“It’s exciting to see all these new opportunities arise and then movies like this that put native people first,” says Ojibwe “Indian Horse” star Ajuawak Kapashesit, who was born in Moose Factory, Ont.
“It gives an opportunity for a native student to walk into a theatre and see somebody that looks like them on the big screen — not just as background, not just as an extra or something, but as an actual, full-fledged character, as a lead character.
“That’s something that I think is important for kids to see if they want to potentially go down that road in the future and say, ‘Hey, this is something we can actually do.’”
And it’s not just traditional community-based, issues-driven stories being created.
Wente says some filmmakers are looking to futuristic and fantasy stories.
“I think you’re really seeing a lot of Indigenous futurism … a lot of post-apocalyptic ideas, a lot of notions around what an Indigenous future would look like,” says Wente.
Adds Ryle: “I think that speaks to the real health and vibrancy not just of the industry but I think of Indigenous communities themselves.
“If one can dream an Indigenous future, regardless of what shape that takes, I think that speaks really strongly of where those people are in the present.”
Such visionaries include Jeff Barnaby, who grew up on the Mi’gmaq reserve in Listuguj, Que. He’s currently working on “Blood Quantum,” a zombie movie set outside the isolated Mi’gMaq reserve of Red Crow.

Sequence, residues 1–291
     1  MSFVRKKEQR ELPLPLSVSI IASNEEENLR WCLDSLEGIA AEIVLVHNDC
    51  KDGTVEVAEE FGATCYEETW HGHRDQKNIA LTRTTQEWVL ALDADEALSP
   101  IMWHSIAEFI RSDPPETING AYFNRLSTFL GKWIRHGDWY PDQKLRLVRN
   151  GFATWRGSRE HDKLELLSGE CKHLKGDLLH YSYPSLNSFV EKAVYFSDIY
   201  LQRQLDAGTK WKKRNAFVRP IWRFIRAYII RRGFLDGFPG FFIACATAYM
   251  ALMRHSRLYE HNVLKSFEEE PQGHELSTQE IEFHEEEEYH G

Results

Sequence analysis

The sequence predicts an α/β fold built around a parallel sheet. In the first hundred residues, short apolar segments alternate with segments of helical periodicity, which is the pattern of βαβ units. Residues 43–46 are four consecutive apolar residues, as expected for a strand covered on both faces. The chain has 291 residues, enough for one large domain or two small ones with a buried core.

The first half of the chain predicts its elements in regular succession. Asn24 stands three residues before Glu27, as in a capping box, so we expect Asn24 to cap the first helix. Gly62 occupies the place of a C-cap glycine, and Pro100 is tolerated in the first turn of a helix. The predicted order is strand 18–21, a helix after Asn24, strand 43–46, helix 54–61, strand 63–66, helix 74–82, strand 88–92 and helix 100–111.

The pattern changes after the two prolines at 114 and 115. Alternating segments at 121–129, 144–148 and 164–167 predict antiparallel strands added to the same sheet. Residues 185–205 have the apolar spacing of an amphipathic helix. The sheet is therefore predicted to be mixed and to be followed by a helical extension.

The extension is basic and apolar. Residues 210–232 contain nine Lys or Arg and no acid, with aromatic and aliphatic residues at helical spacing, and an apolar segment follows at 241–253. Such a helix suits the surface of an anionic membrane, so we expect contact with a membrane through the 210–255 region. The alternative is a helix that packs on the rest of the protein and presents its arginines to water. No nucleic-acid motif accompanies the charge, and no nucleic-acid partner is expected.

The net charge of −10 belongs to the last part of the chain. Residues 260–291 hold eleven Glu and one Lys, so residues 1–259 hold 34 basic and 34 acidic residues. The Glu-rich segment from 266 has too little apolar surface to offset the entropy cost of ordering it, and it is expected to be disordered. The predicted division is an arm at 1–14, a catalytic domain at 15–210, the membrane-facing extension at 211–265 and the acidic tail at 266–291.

“His sensibility is entirely contemporary,” says Wente. “He’s a director as steeped in Indigenous cinema as he is in ‘Blade Runner’ and George A. Romero.
“I think that very much is the contemporary Indigenous filmmaker, and I think there’s lots of folks that could be directing a horror movie in the next 10 years from our community.”
Wente and Ryle also point to Taika Waititi, the Indigenous filmmaker from New Zealand behind the 2017 superhero hit “Thor: Ragnarok.”
“The success of ‘Thor: Ragnarok,’ that’s been such a profound thing and I think there’s a lot of excitement and momentum to see what happens with his career and where he goes to next,” says Ryle.
For Obomsawin, all of this is a stark contrast to the start of her career, when she had an “awful” time trying to get funding for documentaries including “Mother of Many Children” and “Incident at Restigouche.”
“I think it’s easier now,” she says. “There’s more money available at a lot of the institutions for Indigenous people to do their work, whether it’s in film or as an artist, painters, writers.
“It’s like a bomb everywhere — it’s so exciting.”